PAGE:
Vertically connecting flats

I’ve been roped into building sets, and I’ve been tasked with figuring out why we can’t take this approach:

Take 2 stock rectangular flats, let’s say 4x8, gang them together, then add a (roughly) 8x4 horizontal profile flat on top, such that the resulting wall area is 8’ wide and 12’ at its tallest point. None of this moves; the flats would be jacked appropriately for their total height (and possibly additionally stabilized from above from dead hung battens).

I assume that the reason I can’t find a description of how to do this is because there’s a fatal flaw to this plan that I’m just not seeing. The cover art of Henning Nelms’ “Scene Design: A Guide to the Stage” appears to show an approach similar to what I’ve described, although that design has a separate “extension” for each base flat and no obvious mechanism for connecting any of them. (I don’t have a copy, so I don’t know if this is explained in the text, or if it’s just illustrator’s license.)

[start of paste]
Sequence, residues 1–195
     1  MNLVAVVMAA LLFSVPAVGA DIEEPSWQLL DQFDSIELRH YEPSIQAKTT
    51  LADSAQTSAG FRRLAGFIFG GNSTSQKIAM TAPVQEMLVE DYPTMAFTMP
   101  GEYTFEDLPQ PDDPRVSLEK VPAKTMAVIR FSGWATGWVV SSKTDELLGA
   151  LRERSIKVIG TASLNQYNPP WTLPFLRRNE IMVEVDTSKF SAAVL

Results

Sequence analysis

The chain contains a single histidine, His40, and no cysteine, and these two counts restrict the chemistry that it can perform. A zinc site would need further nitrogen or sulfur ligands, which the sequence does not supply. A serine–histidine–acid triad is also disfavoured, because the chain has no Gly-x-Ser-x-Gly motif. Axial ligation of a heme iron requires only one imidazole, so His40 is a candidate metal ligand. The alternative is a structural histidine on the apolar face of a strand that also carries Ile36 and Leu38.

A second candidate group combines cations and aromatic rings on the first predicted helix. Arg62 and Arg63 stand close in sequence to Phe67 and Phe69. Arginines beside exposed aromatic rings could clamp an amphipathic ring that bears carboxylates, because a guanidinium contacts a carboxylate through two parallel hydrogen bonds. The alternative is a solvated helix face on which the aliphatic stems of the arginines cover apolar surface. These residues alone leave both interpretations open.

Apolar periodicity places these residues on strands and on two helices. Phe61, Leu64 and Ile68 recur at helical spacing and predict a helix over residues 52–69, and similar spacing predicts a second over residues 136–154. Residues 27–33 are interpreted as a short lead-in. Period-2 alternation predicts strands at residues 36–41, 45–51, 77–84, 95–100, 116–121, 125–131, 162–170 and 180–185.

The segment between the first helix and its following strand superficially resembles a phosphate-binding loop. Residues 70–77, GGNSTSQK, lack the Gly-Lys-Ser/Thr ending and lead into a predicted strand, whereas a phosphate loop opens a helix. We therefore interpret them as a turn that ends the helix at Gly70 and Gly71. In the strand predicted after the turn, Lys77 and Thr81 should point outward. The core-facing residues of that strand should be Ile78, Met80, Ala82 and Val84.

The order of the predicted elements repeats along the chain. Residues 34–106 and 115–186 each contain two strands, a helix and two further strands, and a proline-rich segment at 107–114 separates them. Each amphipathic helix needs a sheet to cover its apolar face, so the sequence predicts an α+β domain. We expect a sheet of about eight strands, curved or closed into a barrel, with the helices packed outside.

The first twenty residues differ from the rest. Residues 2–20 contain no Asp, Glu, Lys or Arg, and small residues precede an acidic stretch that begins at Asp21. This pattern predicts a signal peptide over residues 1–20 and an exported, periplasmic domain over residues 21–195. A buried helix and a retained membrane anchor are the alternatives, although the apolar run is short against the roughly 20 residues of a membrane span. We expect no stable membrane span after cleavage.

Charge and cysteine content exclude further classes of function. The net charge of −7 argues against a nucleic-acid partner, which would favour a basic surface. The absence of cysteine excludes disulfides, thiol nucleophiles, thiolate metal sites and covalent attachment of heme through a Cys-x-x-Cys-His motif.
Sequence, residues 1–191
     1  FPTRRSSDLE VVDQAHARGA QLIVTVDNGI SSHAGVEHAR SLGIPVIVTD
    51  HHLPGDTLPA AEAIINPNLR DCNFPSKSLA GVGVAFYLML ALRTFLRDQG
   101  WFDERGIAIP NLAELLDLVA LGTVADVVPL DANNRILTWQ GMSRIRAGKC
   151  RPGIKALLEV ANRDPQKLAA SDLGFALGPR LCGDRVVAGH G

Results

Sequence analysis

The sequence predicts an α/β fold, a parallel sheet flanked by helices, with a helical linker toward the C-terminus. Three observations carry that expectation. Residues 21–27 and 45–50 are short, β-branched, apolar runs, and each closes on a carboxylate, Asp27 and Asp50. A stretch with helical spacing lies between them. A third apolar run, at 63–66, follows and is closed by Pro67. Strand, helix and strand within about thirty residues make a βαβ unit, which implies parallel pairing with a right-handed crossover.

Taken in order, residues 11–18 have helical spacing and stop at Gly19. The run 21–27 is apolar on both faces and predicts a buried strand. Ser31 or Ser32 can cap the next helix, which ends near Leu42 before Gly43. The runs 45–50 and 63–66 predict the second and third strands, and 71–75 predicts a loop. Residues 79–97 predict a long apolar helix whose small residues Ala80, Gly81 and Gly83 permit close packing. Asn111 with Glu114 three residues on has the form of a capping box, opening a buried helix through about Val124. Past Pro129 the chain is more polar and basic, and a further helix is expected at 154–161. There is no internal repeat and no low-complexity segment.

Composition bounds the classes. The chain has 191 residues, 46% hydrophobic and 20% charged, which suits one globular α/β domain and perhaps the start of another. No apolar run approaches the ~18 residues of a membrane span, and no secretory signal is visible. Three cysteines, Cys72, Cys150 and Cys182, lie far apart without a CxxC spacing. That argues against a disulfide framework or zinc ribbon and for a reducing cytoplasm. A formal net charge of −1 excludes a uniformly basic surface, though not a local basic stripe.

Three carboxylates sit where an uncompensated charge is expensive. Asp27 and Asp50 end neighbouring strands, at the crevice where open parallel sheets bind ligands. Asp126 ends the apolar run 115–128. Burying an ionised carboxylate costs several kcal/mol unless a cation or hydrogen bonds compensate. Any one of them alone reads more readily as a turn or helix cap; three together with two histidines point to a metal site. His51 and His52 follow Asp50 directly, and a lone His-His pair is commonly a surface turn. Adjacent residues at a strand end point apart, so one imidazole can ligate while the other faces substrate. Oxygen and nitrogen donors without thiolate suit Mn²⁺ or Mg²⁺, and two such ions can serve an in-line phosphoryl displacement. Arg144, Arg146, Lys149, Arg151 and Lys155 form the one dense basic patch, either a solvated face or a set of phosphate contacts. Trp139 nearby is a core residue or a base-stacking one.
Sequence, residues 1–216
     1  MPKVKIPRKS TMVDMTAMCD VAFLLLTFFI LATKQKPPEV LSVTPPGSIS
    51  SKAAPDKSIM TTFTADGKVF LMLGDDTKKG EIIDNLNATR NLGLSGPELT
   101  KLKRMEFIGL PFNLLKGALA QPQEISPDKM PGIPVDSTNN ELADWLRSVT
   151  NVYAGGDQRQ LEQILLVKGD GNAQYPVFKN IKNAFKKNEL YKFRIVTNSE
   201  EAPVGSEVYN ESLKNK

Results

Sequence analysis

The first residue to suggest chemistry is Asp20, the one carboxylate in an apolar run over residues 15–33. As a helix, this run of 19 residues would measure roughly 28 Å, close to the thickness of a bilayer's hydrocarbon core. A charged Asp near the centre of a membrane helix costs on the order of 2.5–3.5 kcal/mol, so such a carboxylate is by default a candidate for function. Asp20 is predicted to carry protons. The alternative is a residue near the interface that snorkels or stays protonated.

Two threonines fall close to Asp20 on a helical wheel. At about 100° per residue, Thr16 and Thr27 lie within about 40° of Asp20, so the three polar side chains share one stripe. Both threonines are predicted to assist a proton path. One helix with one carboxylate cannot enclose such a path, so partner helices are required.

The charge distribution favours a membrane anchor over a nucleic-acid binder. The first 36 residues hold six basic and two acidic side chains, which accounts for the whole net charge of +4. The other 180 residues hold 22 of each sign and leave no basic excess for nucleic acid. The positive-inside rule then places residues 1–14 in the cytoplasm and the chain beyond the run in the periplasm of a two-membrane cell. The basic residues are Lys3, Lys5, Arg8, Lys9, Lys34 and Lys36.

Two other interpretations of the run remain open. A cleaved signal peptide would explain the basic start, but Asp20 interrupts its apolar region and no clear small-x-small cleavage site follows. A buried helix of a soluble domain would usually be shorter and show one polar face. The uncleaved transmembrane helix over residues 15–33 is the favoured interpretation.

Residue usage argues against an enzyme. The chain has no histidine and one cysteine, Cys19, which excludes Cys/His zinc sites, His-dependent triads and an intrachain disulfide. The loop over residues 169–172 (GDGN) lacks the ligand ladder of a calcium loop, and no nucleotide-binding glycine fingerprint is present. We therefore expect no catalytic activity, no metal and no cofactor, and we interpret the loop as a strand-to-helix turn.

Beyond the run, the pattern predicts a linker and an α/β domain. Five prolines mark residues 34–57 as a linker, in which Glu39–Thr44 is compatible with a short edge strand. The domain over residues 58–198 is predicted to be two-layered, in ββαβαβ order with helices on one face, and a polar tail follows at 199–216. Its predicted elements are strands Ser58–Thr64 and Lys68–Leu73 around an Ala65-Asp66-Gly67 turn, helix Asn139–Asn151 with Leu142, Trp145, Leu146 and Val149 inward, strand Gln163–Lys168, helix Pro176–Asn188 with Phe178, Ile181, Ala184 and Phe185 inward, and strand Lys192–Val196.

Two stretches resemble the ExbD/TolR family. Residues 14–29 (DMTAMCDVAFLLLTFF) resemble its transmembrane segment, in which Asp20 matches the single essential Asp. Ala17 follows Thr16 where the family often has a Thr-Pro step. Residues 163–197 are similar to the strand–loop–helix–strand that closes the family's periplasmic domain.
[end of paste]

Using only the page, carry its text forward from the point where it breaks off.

Why is this not a common practice? Is it safety? Is it effort? Is it the quality of the end result?
 

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Lay your flats on the floor, face-down, in the shape you want (in your example) 8x12. Batten them together with 1x3s, vertically on both sides of the 2 vertical flats with the battens extending "up" 4' to cover the top flat. Use keystones (1/4" ply plates) to space them out on the horizontal flat in areas they don't sit on the corner blocks of the top flat. Nail/screw the battens (we used to use 6d double heads.) Attach your jacks to the battens w/hinges . Turn the assembly over & stand it up; open up the jacks. Dutchman the joints. Give to the paint crew. 1/2 hr., 2-man job.
 
What kind of flats? Hollywood or Broadway? What are they framed with and how are they finished?

99% of the time I’m working with Hollywood flats skinned in Luan or Masonite, and framed in 3/4” plywood ripped to 3-1/2” wide. For straight walls I usually just screw them together. For your assembly I’d bold them with 1/4-20 bolts and fender washers. They may need a hogs trough or two to stiffer/straighten them out, but the jacks should do most of this work if they bridge the seams.
 
Sorry for any confusion. My experience has been with "Broadway" flats--1x3 framing, 1/4" plywood corner blocks & keystones, muslin covered. "Hollywood" flats will be heavier and will probably require stiffer battens (5/4x4, maybe?), longer nails/screws, etc.
 

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